Utah Legislator Introduces Law Exempting Churches From Blessing Gay Marriages
The most popular talking point repeated by anti-LGBT conservatives who oppose marriage equality (among other civil rights) is that it will erode "religious freedom" by forcing places of worship to hold same-sex wedding ceremonies.
Republican Utah State Representative Jacob Anderegg (pictured) has introduced state constitutional amendment HR1 which explicitly says churches will never be forced to participate in a same-sex marriages.
From the Salt Lake Tribune:
[Anderegg said,] "The truth is, the main reason I’m proposing this is that I just want people to relax. If they know they have their federal religious guarantees in writing, I hope they will just relax."
Even Sen. Jim Dabakis, D-Salt Lake City, who is gay and was married after the ban was struck down, does not oppose the idea. "I don’t think anybody wants to be married by somebody that doesn’t want to marry them," he said, adding it could help end worries and fighting.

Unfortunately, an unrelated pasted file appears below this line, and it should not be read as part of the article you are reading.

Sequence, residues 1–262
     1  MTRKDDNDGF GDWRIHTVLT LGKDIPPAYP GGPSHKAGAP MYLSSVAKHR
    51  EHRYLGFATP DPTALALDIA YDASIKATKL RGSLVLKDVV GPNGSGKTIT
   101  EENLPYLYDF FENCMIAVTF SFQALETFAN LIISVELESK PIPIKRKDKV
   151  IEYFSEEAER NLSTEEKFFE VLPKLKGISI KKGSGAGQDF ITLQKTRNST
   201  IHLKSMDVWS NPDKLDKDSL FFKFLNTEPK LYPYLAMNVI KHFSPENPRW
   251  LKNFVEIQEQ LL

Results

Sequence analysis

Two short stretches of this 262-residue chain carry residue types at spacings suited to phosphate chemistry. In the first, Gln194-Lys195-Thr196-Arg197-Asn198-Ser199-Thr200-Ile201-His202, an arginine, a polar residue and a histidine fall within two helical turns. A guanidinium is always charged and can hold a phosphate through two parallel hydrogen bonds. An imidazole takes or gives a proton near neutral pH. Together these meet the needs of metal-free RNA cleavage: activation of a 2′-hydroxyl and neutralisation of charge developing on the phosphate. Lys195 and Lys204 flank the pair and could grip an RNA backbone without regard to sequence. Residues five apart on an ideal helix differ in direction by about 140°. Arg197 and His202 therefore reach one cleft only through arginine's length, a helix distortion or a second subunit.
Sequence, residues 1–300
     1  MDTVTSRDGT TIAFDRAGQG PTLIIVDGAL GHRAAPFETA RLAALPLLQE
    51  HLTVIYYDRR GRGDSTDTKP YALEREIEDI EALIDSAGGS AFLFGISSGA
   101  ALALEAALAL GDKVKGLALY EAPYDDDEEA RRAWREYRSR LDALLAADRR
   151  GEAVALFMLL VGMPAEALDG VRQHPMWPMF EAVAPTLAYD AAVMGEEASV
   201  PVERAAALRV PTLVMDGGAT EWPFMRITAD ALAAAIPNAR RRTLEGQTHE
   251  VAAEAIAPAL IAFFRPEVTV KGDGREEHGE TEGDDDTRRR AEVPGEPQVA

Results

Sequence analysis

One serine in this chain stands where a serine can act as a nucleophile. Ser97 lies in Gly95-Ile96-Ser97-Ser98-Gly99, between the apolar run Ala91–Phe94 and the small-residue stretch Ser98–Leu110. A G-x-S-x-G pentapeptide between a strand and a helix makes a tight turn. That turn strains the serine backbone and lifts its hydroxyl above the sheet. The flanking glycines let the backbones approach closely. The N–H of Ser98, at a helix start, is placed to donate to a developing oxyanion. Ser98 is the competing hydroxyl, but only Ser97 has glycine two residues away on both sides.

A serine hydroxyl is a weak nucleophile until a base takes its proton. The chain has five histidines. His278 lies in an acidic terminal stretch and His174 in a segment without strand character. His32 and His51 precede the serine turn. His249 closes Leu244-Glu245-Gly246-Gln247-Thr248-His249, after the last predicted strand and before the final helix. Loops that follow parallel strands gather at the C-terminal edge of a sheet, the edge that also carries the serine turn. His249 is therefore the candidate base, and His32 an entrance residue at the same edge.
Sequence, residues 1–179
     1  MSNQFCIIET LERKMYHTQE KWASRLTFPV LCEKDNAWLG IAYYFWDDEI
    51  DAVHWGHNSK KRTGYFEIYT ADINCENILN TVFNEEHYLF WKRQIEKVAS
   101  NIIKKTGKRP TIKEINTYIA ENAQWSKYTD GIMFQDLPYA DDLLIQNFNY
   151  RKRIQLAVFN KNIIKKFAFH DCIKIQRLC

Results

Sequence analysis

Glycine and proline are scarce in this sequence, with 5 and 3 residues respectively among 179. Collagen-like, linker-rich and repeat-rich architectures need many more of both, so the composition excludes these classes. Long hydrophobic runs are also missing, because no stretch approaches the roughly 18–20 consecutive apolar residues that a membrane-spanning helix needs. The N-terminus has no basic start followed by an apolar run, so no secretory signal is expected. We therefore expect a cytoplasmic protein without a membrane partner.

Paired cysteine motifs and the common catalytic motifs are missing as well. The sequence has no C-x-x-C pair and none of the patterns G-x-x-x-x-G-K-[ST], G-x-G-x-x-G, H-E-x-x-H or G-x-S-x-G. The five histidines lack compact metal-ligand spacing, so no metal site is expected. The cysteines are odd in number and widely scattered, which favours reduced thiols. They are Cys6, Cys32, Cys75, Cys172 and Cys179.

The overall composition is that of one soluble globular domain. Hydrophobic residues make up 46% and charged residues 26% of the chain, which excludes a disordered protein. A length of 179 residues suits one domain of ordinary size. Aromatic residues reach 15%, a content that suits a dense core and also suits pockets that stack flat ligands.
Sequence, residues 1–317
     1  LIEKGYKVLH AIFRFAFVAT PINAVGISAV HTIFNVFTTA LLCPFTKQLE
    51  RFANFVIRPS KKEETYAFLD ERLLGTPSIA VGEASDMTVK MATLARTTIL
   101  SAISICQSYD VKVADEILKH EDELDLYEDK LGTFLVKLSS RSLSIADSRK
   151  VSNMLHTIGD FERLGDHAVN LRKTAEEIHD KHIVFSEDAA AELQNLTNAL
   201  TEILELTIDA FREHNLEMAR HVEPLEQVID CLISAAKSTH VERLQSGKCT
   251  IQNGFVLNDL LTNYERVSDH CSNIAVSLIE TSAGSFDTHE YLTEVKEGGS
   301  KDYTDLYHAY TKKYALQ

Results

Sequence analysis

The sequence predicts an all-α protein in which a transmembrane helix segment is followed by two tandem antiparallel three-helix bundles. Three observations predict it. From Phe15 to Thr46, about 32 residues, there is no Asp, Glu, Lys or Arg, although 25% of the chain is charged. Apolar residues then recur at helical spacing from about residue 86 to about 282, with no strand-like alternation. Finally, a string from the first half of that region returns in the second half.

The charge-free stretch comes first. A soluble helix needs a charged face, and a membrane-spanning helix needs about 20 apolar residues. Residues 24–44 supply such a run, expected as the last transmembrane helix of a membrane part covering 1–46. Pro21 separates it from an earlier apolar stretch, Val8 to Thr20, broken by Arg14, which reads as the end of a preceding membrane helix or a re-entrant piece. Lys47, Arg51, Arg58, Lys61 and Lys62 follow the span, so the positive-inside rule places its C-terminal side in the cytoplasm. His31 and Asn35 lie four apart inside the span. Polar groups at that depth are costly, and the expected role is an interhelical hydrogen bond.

However, Dabakis says he would support the amendment only if it were changed to require a civil marriage first for everyone, followed by a possible religious ceremony to help make clear that "civil marriage is a constitutional right."
As it stands, the proposed amendment reads:
"This resolution proposes to amend the Utah Constitution to: prevent a religious organization, association, or society, or individual acting in a role connected with a religious organization, association, or society, from being required or compelled to solemnize, officiate in, or recognize a marriage or religious rite of marriage in violation of their right of conscience or their free exercise of religion."
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As written, it would exempt church-affliated businesses from having to publicly accommodate same-sex couples for any part of their nuptials — including photo shoots of their engagement or the reception after the wedding.
Anderegg says that he began working on amendment more than a year ago and that Utah's recent legalization of marriage equality hastened its introduction into the legislature. If approved, Utahan citizens would vote on the amendment during the next general election.
The amendment may face dubious prospects however in light of the state attorney general's pledge to "spend whatever it takes" to defend Utah's anti-gay amendment.